Silverberg, M. (1997). The first national survey of local School-to-Work partnerships: Data summary . Princeton, NJ: Mathematica Policy Research, Inc.
Stasz, C., Ramsey, K., Eden, R., Da Vanzo, J., Farris, H., & Lewis, M. (1992). Classrooms that work: Teaching generic skills in an academic and vocational setting (Report No. MDS 263). Berkeley: University of California, National Center for Research in Vocational Education.
Stamps, D. (1996). Will School-to-Work work? Training Magazine, June , 72-74, 76 - 79,81.
Stull, W.J., Sanders, N.M., & Stull, J.C. (2000). The effects of school size and leadership on participation in the School-to-Work movement. Journal of Vocational Education Research, 25 , 472 - 502.
Vannatta, R.A., Almonte, B., Borrowman, V., Lamb, T., McCleary, B., Oliver, L. (1998). Evaluating the Implementation of School-to-Work Activities in Public Schools. Journal of Vocational Education Research, 23, 221 - 238.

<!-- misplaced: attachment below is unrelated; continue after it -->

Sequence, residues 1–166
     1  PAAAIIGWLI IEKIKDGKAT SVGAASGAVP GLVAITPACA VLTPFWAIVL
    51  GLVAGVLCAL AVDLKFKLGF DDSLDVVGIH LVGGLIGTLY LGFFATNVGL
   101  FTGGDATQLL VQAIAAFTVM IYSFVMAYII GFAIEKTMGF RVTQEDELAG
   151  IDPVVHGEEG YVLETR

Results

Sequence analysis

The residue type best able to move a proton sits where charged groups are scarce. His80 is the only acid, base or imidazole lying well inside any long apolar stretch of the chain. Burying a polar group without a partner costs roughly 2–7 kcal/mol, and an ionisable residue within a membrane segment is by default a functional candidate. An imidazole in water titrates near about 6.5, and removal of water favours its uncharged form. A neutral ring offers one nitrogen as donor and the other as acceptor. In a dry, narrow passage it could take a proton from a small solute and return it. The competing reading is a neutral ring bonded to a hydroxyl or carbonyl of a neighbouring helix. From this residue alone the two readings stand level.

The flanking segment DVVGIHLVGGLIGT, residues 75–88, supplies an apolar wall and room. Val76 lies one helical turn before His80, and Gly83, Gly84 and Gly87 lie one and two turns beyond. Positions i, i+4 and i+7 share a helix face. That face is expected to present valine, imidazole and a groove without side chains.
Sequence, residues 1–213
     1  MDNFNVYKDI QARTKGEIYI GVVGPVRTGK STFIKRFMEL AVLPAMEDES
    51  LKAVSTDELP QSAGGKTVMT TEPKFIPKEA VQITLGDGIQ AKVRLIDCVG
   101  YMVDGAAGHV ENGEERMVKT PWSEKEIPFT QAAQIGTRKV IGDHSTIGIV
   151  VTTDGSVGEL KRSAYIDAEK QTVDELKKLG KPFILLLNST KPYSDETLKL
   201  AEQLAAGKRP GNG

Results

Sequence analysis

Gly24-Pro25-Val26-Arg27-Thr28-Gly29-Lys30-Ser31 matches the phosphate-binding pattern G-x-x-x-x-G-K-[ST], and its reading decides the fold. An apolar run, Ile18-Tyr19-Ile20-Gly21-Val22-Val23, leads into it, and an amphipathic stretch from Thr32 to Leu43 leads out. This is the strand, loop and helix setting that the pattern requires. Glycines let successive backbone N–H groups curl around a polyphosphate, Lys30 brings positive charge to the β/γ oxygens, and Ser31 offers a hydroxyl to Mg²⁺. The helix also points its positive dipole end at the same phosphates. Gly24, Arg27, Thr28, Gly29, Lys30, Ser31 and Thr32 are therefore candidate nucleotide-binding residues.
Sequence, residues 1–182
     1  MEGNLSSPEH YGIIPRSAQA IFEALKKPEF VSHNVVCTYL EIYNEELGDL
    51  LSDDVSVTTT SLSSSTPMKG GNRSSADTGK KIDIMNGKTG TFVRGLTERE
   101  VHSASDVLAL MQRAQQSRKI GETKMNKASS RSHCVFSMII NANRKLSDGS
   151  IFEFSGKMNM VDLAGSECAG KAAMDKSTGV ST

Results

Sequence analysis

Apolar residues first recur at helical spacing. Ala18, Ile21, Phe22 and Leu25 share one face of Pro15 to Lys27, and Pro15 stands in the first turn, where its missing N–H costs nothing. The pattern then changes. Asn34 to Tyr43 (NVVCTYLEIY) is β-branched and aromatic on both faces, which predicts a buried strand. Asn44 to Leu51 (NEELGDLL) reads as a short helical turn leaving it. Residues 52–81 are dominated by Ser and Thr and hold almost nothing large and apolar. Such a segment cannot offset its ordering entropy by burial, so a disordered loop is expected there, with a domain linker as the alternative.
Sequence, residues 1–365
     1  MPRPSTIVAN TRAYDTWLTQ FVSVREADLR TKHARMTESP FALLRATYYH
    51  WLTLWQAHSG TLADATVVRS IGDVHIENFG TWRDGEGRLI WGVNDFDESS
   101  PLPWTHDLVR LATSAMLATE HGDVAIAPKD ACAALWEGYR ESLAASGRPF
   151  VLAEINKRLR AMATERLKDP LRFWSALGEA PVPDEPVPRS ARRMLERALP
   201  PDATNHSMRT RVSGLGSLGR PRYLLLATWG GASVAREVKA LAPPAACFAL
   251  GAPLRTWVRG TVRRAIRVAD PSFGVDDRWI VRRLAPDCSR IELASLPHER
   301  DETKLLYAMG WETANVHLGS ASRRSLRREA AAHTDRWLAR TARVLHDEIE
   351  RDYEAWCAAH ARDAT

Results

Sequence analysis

Vandergrift, J.A., & Wright, J. (1999). Arizona's school-to-work initiative: Four-year trends in public opinion (Arizona School-to-Work Briefing Paper #17). Tempe, AZ: Morrison Institute for Public Policy.
Visher, M.G., Lauen, D., Merola, L., & Medrich, E. (1998). School-to-Work in the 1990's: A look at programs and practices in American high schools. Berkeley, CA: MPR Associates, Inc.
Wenfan Yan , Indiana University of Pennsylvania, 303 Davis Hall, 570 S. Eleventh Street, Indiana, PA 15705. Email: firstname.lastname@example.org . Phone: 724-357-7931.
Karleen Goubeaud , Long Island University, C.W. Post Campus, 720 Northern Blvd., Brookville, NY 11548. Email: email@example.com . Phone: 516-299-3385.
Carol Fry , Indiana County Technology Center, 441 Hamill Road, Indiana, PA 15701. Email: firstname.lastname@example.org Phone: 724-349-6700.